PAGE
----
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Good Morning Nanty Glo!
               Thursday, October 24 2002 

Jon Kennedy, webmaster "Personal" religion

Though I began this topic by saying no religion is viable without being somewhat "organized," I do not hold that the more or even better organized it is, the better the religion or the better off are its adherents. Who said—Harry Truman? Will Rogers?—"I don't have any organized religion; I'm a Baptist"? I concur with that sentiment and am convinced the same could be said, only a little tongue in cheek (as it is also said of Baptists), for Orthodoxy.

One of my profs at the Cathedral of Learning (that's the official name of the University of Pittsburgh's main building, for anyone looking at this from afar), espoused a religion that seemed to me widely held, a highly personal naturalism. "I'm most in touch with God or the Ground of the Universe when I'm out in one of the national parks communing with Nature," he confessed. He also expressed a strong antipathy to Pittsburgh's longtime most influential formal religion, Presbyterian Calvinism. He found unacceptable the idea he heard in one of "their" sermons that God chooses some over others. "Thank God I was born Scottish," the professor quoted the preacher, because God had chosen the Scots.... But I'm digressing.

I believe and Orthodoxy (and Baptists, and most evangelical Protestants) teach that the more "personal" the religion is, the better it serves its followers and more likely it is to work their salvation, so long as it's understood in the orthodox biblical way. Though Orthodoxy has printed prayers in all languages for all occasions, it advocates personal prayer from the heart above all others, except in the formal worship setting. Even in that setting, at the personal level, many of its most highly regarded teachers allow that personal quiet confession-from-the-heart of the Jesus Prayer* may be more effective than the liturgical (service book) prayers.

Though the sacraments or mysteries (baptism, chrismation, communion ...) of the church are vital and salvific, unless they are internalized and realized personally by those receiving the forms, they remain inert. Though the Orthodox Church is highly organized with levels of clergy from subdeacons to priests, bishops, metropolitans, and patriarchs, it has for over a millenium and a half professed that a converted harlot living alone in the desert for 47 years and having had the sacrament of holy communion only twice* may have more authority and experience of God than the most highly honored patriarch in Constantinople. Nor is this extraordinary; bishops routinely pay homage to saints whose authority is only their relationship with God as demonstrated by gifts of the Spirit.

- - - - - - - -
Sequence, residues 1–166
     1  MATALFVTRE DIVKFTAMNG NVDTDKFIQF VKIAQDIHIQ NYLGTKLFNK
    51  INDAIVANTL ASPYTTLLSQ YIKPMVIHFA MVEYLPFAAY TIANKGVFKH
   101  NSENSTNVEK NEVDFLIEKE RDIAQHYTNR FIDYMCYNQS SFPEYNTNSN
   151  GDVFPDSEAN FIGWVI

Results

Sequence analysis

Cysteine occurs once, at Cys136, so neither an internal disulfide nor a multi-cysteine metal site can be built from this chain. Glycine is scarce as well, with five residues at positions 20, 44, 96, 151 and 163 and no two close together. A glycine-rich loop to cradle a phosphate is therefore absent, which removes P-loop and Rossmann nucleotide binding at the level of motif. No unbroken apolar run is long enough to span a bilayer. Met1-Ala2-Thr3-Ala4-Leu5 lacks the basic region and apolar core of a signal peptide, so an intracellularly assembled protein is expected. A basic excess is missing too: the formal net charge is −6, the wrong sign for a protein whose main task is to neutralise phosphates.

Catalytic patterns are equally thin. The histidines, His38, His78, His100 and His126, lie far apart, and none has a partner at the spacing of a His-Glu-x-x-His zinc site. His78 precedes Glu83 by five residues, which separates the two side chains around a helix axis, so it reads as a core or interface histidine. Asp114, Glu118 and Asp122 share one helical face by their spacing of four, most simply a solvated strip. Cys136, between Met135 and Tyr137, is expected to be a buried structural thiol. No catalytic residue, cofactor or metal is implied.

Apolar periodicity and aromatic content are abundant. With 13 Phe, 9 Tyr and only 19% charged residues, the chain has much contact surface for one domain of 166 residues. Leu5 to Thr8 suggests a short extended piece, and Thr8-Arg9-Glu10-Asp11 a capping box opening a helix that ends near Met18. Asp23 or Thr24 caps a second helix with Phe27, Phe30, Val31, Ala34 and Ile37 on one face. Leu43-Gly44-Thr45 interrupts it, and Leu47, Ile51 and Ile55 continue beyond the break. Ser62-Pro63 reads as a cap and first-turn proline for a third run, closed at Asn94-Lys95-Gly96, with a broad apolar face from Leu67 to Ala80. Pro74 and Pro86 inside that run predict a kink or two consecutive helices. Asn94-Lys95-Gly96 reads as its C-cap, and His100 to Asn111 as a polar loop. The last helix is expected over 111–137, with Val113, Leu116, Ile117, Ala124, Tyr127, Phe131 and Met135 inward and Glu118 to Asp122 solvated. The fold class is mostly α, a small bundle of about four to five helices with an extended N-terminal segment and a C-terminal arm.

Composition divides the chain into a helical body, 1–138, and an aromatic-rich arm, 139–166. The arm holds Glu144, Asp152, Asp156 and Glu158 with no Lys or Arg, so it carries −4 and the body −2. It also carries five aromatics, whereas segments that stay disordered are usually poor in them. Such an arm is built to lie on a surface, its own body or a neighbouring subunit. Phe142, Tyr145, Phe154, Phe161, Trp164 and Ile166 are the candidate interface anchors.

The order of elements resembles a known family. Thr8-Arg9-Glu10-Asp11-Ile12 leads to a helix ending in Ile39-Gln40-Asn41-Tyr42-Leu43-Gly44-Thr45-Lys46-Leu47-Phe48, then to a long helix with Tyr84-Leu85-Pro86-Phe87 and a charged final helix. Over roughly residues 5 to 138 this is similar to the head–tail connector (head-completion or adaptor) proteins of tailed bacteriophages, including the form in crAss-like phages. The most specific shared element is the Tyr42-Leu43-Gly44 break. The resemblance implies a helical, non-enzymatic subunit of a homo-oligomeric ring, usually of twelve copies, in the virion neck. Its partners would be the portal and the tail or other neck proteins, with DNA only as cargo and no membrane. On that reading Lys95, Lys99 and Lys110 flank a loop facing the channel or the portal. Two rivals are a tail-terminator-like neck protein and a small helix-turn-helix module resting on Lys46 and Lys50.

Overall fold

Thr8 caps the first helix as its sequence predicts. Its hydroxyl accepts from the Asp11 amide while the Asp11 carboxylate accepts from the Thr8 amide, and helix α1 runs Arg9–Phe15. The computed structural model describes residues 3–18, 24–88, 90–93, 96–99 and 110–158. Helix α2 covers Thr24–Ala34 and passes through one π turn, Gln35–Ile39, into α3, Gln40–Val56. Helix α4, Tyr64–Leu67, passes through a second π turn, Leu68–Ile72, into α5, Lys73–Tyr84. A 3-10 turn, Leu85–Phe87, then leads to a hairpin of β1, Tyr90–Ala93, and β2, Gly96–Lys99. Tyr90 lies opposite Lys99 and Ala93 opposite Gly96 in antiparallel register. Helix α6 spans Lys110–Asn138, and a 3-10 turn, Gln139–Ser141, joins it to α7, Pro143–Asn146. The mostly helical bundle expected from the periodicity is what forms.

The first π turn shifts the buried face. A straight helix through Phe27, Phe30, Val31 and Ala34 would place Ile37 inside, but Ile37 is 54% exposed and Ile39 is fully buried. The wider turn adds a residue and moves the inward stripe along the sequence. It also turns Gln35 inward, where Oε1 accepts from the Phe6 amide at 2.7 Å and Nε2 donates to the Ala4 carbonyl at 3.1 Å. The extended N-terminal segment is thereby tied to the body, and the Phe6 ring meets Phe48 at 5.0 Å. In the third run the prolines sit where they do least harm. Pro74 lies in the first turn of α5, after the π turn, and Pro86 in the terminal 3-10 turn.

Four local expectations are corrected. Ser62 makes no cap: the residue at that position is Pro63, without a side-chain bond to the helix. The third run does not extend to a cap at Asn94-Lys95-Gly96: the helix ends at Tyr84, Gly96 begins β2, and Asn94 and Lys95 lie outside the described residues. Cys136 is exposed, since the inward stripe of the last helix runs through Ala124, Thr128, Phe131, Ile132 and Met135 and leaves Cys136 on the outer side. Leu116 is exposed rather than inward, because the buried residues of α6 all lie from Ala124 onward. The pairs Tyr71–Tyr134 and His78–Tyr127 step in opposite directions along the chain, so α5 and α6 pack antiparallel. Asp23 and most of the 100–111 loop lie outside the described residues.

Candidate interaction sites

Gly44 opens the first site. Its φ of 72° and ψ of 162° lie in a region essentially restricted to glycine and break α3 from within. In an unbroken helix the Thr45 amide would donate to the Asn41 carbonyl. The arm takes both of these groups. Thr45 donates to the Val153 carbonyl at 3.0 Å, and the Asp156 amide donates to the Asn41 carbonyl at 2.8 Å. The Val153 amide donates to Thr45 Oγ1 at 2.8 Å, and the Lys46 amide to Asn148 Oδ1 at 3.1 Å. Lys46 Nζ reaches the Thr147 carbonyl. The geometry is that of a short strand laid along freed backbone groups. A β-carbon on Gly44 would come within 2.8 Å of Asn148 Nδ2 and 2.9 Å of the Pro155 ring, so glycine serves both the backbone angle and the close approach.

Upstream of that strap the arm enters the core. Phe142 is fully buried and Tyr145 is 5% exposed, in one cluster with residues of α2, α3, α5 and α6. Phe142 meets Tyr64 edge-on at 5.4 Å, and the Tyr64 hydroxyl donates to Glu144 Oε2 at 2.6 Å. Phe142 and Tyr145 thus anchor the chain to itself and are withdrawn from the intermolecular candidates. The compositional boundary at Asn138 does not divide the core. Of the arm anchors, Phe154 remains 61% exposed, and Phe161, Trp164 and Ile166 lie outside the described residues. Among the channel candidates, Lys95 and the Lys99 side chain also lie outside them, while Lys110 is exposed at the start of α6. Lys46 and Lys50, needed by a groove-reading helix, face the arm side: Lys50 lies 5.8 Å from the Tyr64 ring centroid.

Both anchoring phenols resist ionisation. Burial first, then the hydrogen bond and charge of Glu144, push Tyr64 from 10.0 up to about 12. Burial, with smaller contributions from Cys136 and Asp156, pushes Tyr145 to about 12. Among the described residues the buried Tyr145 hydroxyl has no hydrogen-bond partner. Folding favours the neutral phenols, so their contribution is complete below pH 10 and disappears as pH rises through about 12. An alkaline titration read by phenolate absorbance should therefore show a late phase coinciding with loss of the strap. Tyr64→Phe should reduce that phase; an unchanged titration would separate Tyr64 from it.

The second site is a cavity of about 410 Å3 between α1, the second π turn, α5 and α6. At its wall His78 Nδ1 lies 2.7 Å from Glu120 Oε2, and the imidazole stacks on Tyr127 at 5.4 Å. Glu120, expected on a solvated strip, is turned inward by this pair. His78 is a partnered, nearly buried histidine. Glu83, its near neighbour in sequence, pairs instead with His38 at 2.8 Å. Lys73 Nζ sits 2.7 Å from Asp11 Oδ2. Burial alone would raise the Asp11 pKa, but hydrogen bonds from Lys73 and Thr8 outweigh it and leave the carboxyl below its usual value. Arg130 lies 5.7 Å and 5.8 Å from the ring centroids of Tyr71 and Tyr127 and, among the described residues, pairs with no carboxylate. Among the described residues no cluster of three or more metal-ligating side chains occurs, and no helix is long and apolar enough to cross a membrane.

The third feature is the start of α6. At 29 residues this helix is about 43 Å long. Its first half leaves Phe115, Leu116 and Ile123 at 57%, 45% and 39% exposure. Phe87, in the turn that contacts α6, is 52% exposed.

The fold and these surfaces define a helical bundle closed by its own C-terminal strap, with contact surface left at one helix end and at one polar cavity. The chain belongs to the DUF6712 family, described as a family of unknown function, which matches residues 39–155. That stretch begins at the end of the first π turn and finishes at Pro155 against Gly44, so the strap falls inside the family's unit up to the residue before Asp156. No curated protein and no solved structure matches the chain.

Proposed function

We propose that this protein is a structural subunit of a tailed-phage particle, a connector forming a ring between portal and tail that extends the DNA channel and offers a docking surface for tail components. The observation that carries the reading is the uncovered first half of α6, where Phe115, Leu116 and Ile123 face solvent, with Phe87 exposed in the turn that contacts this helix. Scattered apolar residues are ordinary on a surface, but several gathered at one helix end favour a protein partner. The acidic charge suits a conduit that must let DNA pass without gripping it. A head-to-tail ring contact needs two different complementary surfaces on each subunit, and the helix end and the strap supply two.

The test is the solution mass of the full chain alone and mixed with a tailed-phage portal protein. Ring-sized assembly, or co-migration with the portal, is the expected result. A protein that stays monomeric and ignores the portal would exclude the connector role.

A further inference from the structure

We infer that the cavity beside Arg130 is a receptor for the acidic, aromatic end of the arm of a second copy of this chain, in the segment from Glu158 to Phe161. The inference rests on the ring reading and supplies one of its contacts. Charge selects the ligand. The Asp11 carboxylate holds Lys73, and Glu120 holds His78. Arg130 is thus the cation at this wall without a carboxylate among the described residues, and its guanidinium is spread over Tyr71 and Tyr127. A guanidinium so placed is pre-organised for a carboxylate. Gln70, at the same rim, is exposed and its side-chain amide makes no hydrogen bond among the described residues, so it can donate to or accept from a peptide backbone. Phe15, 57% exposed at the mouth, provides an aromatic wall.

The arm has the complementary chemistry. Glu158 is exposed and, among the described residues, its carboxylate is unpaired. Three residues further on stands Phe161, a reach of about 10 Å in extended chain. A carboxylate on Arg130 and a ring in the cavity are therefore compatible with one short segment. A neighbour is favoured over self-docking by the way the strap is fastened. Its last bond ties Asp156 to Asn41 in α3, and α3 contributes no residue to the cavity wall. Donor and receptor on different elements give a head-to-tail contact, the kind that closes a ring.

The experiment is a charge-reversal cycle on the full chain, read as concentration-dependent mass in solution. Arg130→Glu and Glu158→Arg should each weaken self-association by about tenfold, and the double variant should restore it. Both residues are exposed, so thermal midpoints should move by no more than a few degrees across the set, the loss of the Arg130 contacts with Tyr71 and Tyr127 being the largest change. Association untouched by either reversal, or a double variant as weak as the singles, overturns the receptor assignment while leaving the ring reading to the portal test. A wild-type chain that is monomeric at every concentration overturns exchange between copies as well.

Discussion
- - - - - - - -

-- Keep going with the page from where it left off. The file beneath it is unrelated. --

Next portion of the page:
So I'd say that though one's religion should not be so personal that no one else shares it, it should be experienced in ways only you apprehend.

—Webmaster Jon Kennedy

*The Jesus Prayer ="Lord Jesus Christ, Son of God, have mercy on me, a sinner" (cf. Luke 18:13). | **St. Mary of Egypt, c. 344-421 A.D. The Orthodox Church designates one of the Sundays of Lent as "St. Mary of Egypt Sunday."

Dealing with trouble

A rookie police officer responded to a report of a barroom disturbance. The "disturbance" turned out to be well over six feet tall and weighed almost 300 pounds. What's more, he boasted that he could whip the cop and Mike Tyson too.

Said the rookie, "I'll bet that you're also an escape artist—probably better than Houdini." The giant nodded.

"If I had some chains," the deputy continued, "you could show us how strong you really are. But all I've got is a set of handcuffs. Why don't you see just how quickly you can break out of them?"

Once in the cuffs, the man puffed, pulled, and jerked for four minutes. "I can't get out of these," he growled.

"Are you sure?" the deputy asked.

The fellow tried again. "Nope," he replied. "I can't do it."

"In that case," said the cop, "you're under arrest."

—Sent by Bob Kennedy

Thought for today

The best years of your life are the ones in which you decide your problems are your own. You do not blame them on your mother, the ecology, or the president. You realize that you control your own destiny.

—Albert Ellis

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